NEC Solutions (America) Inc. is growing its line of fault-tolerant systems with the rollout this week of its midrange Express5800/320Lc server that combines software monitoring tools with the companys high-availability platform.
The new server, which will be available later this week, includes ExpressCluster Self Recovery Edition, or SRE, which offers IT administrators the ability to automatically restart applications and operating systems.
Previously, if a system went down, an alert was sent to notify the right IT people that there was a problem. A person then had to assess the situation, figure out if the problem was hardware- or software-related, and then fix the problem, said Dick Csaplar, product manager for the Sunnyvale, Calif., companys Solutions Platform Division. The result would be some downtime for important applications.
“Now, it will be done automatically,” Csaplar said.
In addition, the software automatically can reboot the server, he said.
The software is a key step for NEC, Csaplar said. The companys fault-tolerant platform offers hardware redundancy, with at least two of most components running in lock-step. If one goes down, it automatically fails over to the other.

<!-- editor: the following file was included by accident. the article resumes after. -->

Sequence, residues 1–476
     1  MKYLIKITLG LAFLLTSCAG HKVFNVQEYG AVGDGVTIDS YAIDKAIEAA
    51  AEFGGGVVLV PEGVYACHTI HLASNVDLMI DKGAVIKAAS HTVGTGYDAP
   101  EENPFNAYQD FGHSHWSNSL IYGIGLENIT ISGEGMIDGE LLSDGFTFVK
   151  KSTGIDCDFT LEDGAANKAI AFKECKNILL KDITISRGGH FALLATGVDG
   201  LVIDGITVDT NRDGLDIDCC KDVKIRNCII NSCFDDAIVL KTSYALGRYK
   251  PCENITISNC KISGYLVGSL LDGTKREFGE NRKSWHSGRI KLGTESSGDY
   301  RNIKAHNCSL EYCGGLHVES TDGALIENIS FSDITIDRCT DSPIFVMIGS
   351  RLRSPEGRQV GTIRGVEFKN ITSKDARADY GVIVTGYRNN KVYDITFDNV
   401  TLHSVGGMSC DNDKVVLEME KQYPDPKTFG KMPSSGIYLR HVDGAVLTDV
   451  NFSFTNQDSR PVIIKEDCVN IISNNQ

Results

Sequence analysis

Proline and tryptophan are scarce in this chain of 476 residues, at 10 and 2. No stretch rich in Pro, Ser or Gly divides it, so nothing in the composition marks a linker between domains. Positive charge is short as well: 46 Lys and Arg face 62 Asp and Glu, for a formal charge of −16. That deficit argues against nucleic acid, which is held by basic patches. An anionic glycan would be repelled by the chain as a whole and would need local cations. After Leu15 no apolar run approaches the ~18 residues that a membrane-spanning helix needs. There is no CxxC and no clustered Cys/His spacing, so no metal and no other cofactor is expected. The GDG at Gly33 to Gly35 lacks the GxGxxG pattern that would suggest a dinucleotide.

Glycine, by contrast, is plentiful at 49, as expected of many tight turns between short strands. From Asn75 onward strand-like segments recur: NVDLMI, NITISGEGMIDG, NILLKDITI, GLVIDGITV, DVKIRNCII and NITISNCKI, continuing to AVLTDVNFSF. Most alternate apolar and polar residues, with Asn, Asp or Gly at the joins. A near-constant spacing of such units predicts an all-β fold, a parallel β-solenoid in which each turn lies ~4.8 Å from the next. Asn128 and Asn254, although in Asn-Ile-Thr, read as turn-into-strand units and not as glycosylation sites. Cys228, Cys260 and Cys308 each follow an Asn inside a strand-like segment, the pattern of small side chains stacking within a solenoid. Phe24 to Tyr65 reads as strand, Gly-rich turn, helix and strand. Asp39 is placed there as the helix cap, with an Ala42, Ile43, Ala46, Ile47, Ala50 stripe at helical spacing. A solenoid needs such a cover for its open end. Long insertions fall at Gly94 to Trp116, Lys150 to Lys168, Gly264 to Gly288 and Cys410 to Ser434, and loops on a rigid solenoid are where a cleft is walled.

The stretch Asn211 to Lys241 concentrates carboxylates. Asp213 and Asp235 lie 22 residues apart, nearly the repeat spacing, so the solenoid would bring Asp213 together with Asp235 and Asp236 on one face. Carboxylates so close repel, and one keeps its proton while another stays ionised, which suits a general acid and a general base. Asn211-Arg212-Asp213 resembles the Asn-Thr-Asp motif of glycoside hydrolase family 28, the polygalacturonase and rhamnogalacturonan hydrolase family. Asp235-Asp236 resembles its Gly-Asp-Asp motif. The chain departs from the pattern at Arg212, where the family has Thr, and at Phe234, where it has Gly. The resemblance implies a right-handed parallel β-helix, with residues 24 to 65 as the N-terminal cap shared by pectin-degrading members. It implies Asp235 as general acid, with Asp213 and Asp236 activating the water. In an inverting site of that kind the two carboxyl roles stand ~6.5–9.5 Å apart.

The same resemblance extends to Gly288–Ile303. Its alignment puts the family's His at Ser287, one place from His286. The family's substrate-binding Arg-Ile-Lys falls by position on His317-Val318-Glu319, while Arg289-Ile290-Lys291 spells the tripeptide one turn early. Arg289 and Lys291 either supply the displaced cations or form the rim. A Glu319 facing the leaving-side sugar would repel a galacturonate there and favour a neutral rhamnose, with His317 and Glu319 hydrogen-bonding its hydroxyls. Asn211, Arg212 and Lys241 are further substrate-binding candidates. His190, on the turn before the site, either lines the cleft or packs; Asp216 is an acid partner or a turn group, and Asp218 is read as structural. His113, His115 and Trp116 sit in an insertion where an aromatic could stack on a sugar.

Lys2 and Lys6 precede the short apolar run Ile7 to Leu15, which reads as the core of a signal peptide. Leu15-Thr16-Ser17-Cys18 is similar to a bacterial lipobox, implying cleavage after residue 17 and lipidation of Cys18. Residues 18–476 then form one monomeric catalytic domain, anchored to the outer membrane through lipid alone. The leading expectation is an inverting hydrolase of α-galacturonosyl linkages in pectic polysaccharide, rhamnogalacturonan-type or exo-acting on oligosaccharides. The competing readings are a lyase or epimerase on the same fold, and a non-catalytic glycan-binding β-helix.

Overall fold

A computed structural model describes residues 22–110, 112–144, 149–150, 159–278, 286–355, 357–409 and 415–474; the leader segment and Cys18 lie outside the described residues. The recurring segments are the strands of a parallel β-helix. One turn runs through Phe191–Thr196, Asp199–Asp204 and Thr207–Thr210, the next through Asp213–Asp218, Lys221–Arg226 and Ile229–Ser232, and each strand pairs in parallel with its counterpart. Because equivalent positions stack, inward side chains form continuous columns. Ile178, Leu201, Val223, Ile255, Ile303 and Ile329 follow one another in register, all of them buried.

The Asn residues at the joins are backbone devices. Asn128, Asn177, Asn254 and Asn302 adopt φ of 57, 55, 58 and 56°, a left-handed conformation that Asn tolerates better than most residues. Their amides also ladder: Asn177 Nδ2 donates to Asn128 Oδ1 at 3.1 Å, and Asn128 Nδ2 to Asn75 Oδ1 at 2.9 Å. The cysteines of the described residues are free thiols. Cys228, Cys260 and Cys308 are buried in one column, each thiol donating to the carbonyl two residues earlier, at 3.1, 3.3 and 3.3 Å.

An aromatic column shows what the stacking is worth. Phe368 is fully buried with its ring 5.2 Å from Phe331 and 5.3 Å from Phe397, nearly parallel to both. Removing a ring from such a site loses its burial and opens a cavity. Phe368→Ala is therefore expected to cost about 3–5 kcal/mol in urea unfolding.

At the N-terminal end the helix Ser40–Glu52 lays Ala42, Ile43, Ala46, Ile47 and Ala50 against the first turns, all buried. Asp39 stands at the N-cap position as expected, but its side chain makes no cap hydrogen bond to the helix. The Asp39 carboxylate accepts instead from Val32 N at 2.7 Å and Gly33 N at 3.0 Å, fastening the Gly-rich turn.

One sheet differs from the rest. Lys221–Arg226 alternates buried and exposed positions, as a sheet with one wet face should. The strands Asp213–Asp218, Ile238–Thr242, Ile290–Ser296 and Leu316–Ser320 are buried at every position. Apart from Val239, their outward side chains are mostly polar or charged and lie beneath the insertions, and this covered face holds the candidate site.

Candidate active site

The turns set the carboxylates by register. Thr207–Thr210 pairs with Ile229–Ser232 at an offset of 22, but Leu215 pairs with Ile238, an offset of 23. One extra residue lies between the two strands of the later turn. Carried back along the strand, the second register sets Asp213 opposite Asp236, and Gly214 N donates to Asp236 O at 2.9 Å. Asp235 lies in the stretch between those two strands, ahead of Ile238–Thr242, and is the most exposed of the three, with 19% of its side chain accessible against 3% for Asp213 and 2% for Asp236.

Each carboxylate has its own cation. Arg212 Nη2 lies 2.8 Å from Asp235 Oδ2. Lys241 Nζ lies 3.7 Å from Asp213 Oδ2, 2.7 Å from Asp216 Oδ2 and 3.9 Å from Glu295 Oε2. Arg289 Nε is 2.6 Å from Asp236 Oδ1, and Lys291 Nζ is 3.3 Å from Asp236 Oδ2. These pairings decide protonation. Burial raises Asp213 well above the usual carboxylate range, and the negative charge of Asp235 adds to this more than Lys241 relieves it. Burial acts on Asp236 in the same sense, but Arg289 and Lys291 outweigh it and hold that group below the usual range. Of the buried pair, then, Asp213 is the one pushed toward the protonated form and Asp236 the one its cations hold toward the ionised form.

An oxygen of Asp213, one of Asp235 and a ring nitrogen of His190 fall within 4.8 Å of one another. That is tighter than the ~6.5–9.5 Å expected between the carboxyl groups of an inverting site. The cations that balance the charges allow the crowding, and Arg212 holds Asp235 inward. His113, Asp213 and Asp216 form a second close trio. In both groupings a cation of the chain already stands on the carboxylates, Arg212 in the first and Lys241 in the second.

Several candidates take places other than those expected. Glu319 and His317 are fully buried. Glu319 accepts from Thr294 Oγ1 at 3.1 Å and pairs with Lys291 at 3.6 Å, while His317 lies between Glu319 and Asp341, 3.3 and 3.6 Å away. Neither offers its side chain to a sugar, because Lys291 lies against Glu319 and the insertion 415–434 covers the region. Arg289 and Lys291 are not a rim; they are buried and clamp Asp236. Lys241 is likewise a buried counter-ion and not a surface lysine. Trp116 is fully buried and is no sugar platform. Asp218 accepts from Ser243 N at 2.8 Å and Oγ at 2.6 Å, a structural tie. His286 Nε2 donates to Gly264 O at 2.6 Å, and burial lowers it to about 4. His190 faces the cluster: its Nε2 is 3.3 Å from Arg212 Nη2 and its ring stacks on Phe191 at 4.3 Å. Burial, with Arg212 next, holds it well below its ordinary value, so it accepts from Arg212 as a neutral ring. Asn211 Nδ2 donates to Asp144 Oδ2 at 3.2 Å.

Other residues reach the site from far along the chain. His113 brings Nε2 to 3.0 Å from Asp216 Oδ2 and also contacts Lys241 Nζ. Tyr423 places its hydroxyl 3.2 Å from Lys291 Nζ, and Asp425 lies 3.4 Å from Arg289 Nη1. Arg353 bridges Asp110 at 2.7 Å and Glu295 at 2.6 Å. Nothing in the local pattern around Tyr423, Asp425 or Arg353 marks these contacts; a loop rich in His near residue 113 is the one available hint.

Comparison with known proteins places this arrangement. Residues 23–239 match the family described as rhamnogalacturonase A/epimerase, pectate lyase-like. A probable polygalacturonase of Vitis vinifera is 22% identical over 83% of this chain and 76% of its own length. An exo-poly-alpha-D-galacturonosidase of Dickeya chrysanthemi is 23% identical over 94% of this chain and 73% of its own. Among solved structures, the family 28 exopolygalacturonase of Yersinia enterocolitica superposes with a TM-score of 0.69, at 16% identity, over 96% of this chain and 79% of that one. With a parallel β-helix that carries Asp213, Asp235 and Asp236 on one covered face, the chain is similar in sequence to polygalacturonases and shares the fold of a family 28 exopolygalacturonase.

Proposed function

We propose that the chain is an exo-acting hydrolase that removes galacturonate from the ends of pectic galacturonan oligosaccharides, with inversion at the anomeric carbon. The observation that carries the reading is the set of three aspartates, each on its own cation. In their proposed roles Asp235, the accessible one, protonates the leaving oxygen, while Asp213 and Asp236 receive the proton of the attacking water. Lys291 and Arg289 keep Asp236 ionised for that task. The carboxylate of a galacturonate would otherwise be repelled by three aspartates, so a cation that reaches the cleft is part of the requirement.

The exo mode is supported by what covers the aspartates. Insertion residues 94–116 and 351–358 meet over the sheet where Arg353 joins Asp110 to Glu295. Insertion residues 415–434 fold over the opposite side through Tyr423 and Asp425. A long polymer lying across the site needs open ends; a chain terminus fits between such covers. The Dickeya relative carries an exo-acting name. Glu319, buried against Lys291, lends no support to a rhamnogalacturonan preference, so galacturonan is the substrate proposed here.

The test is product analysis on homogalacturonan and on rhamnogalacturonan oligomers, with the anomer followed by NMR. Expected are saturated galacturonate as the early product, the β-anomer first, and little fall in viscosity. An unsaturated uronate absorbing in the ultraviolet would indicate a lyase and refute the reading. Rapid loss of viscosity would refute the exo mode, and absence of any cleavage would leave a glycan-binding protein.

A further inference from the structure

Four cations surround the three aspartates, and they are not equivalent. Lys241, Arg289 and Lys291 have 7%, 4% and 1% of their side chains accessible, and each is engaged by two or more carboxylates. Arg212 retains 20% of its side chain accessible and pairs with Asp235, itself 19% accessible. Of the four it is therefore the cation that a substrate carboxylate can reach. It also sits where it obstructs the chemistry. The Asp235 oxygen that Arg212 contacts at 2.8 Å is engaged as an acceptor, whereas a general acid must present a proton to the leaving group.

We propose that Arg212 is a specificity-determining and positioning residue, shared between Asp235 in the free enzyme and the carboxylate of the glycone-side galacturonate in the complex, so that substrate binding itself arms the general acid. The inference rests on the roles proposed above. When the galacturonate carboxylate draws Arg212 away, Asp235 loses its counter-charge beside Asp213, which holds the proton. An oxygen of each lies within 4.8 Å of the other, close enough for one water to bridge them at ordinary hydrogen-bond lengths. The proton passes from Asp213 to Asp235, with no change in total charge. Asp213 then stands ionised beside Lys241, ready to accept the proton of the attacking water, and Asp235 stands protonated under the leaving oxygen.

The SRE software, which monitors and restarts the application and parts of the operating system—including device drivers and resources—gives even more protection, he said. The software is available in both the new Express5800/320Lc and existing 320Lb.
The two-way 320Lc joins the low-end 320Lb and high-end four-way 340Hb in NECs line of fault-tolerant servers. The new 4U (7-inch) system will feature Intel Corp.s 2.8GHz Xeon processors, up to 6GB memory and up to 311.1GB of hard disk drive space. It will support Microsoft Corp.s Windows OS now, and Linux starting next month, Csaplar said.
The system will be supported by NECs new S2800 storage array, which features its Remote Data Replication technology for disaster recovery and SnapShot Data Replication to reduce backup costs.
The 320Lc will start at $24,999, with the price of the 320Lb dropping to about $21,500, Csaplar said.
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